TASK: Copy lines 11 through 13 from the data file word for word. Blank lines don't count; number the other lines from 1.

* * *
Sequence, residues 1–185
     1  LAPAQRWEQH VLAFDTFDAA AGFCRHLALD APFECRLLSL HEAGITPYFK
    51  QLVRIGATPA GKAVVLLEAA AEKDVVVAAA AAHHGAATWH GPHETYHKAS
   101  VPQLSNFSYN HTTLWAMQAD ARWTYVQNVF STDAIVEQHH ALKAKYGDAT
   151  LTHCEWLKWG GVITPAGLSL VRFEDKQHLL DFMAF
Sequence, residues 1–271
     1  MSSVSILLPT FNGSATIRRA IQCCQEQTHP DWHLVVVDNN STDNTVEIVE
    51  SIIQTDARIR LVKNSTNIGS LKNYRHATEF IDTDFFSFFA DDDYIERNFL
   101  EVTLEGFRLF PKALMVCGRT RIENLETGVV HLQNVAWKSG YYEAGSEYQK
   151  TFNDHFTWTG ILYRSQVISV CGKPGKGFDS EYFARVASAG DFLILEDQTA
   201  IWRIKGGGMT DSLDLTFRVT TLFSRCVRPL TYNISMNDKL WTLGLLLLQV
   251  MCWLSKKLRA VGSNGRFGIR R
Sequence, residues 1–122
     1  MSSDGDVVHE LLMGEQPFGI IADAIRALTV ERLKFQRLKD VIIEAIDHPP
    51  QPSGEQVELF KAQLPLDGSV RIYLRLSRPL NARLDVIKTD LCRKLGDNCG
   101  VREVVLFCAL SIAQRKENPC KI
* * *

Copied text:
   201  IWRIKGGGMT DSLDLTFRVT TLFSRCVRPL TYNISMNDKL WTLGLLLLQV
   251  MCWLSKKLRA VGSNGRFGIR R
Sequence, residues 1–122